Three Layers Deep: A good rule of thumb is to store your silver three layers deep, since most burglars look for things they can grab and go. For example, a floor safe, covered by floor boards, with carpet and a china cabinet over it.
Safes: A safe is certainly much better than behind some books, but keep in mind that no safe is 100% secure. A safe buys you time, nothing more. If you use a key safe, hide the key separately from the safe. If you use a combination lock, don’t assume you’re immune from robbery—a friend of my father’s had a gun pointed to his wife’s head while they asked him for the combination to his safe.
Another consideration is the weight of the safe. One that weighs, say, 100 pounds, could be moved (i.e., stolen) by one or two burglars with some basic tools like a dolly or straps. A 300-400 pound safe removes theft risk from a single person. Heavier than 500 pounds and you’re immune from most home burglaries, unless there’s a group of them and they have a heavy duty vehicle. Of course, the heavier the safe the more likely you’ll need it delivered and installed, which then tips your hand that you’ve likely got a lot of valuables in the house.
Midnight Gardening: A couple pointers if you bury your silver (the term “midnight gardening” comes from people who bury their gold at night so the digging won’t be noticed)…
A related option might be to build a safe in the floor of a storage shed. The advantage here is that you can access your bullion without being seen, day or night.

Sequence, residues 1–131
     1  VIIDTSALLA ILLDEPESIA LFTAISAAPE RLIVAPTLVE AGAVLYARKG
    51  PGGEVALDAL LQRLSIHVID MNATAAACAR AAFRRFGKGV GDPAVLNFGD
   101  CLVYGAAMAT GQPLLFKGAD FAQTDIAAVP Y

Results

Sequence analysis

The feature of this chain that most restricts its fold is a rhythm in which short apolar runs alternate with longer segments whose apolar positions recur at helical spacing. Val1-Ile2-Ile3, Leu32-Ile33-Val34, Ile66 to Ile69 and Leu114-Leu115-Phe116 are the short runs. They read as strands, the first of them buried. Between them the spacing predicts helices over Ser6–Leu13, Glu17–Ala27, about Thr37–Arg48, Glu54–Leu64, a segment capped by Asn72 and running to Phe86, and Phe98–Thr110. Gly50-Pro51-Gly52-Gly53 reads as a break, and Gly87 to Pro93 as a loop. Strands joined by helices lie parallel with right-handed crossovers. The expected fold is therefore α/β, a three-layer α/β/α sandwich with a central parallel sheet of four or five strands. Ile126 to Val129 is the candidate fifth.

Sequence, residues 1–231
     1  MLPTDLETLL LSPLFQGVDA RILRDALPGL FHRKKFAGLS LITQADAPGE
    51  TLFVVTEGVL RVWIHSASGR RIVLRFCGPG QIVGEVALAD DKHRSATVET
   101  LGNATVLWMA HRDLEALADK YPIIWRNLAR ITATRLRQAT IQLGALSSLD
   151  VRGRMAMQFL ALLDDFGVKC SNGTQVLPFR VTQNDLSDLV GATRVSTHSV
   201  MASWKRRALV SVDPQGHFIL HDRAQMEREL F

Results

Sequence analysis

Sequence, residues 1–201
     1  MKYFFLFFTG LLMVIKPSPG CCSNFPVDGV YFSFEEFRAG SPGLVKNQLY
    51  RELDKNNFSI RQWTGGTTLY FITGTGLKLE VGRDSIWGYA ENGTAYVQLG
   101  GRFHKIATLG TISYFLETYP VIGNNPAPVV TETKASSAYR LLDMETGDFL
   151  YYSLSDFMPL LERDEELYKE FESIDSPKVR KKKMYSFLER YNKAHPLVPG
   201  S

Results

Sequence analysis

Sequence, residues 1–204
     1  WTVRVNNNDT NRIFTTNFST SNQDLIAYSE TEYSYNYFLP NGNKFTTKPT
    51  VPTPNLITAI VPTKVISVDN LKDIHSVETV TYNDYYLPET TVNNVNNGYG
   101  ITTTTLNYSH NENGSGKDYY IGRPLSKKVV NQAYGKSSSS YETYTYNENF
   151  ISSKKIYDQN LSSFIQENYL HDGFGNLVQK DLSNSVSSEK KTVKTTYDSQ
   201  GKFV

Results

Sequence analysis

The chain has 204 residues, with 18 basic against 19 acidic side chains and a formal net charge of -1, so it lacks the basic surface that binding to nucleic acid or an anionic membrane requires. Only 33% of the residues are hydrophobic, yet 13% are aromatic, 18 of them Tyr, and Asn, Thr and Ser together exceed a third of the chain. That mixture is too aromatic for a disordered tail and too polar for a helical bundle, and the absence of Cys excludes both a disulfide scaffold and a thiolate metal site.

Home Security Systems: The more metal you have at home, the more you need to consider a security system that comes with both cameras and monitoring. Or consider a nanny cam; they're not expensive.
Firearms: If you store metals at home and have a safe, and IF you feel comfortable having a gun in the house, a firearm might be a way to defend yourself in the event of a break-in while you're home. We don’t necessarily recommend purchasing a firearm, however, as there a number of considerations to keeping a weapon in the house.
Decoys: Consider keeping two safes, one of which is cheap with a few items in it so the thief thinks he got your stash, and then the real one well hidden in a different part of the house with your silver and other valuables.
Diversify: Use more than one hiding spot. But don’t use so many that you forget where they all are!